WASHINGTON - "Space Race," a new National Air and Space Museum exhibition, displays the U.S.-Soviet relationship in space from their competition in the 1950s and 1960s to their cooperation in the 1970s.
It had its origin in a 1993 auction at which an anonymous American paid $4 million for an array of Soviet artifacts.
The anonymous American turned out to be Dallas billionaire Ross Perot, and many of the items he bought are included in the exhibition in the museum's soaring Space Hall.
"It's an exciting day," Perot said at last week's preview. "This exhibition is a great tribute to the human spirit, and to creativity and ingenuity."
The Perot Foundation is the major financial underwriter.
His interest in space, he told reporters, stems from the childhood fascination of his son, Ross Jr., who built and launched many wooden rockets.
"He was absolutely fascinated," Perot said. "My job was to recover them from the roof of the house."
He said he bought the Soviet space material after noticing it in a Sotheby's catalog. "My interest was to preserve it in one place so it could one day be returned to Russia," he said. Besides space suits and other items used by Soviet cosmonauts, he purchased their diaries and logs.
The exhibition brings the space race full circle from the competition between the two superpowers in the days when each vied to be first in space, to the cooperation that began with the historic 1975 docking of the U.S. Apollo and the Soviet Soyuz.
It features side-by-side displays of U.S. and Soviet space suits and rocket launchers that demonstrate the parallel space efforts in the two countries, including their secret reconnaissance satellites.
One case, for example, shows space suits worn by Yuri Gagarin, the first human to orbit the earth, and John Glenn, the first American to do so.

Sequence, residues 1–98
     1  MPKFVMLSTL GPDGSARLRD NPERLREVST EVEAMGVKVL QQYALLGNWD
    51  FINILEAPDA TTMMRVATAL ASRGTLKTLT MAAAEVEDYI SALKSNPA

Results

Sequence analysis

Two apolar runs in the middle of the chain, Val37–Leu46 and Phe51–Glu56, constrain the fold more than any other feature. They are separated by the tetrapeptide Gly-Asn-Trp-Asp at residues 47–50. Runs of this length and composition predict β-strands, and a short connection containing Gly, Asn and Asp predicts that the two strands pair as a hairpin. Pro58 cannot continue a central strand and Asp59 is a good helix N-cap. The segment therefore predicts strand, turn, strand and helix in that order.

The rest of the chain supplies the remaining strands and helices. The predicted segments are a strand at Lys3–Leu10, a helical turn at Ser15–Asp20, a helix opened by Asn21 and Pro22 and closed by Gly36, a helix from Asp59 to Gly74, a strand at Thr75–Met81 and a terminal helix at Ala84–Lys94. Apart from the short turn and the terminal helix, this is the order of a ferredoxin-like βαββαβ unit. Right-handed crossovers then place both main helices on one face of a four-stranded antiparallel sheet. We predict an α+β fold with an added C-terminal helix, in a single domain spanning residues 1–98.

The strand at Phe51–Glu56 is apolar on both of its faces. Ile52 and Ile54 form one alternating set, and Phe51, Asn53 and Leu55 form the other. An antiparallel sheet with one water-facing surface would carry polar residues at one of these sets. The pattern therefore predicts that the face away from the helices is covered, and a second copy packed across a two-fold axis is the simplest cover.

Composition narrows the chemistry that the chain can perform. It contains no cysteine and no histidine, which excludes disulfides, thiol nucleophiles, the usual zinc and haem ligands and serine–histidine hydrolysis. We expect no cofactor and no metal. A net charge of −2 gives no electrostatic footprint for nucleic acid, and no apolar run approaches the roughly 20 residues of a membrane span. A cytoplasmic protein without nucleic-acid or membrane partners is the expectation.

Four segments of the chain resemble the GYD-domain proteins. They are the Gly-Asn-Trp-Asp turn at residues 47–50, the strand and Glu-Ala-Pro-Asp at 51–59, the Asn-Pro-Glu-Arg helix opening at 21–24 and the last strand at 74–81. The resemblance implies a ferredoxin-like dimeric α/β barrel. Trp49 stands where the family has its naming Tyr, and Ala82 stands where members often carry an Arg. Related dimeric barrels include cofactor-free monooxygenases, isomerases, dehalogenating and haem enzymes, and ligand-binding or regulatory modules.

Another case features the architects of the two programs, German-born Werner von Braun and Soviet scientist Sergei Korolev, and their slide rules (both made in Germany).
The exhibition makes clear that, in most early ventures such as Gagarin's 1961 flight, the Soviets led the space race until the United States reached the moon in 1969.
It includes such smaller precursors of the giant modern space vehicles as the German V-1 and V-2 rockets of World War II, plus a new model of the Hubble space telescope. Some items have been on display before, but many are new, officials said.
Retired U.S. Gen. Thomas Stafford and Soviet cosmonaut Aleksei Leonov, the pilots of the Apollo and Soyuz crafts, were on hand at last week's press preview and a gala black-tie reception. They were joined by many fellow space pioneers from both countries, including Glenn, soon to retire after four terms as a Democratic senator from Ohio.
If you go
"Space Race" is a permanent exhibition at the Air and Space Museum of the Smithsonian Institution in Washington.
The museum is open daily from 10 a.m. to 5:30 p.m.
Admission is free.
Call (202) 357-2700.
Pub Date: 5/18/97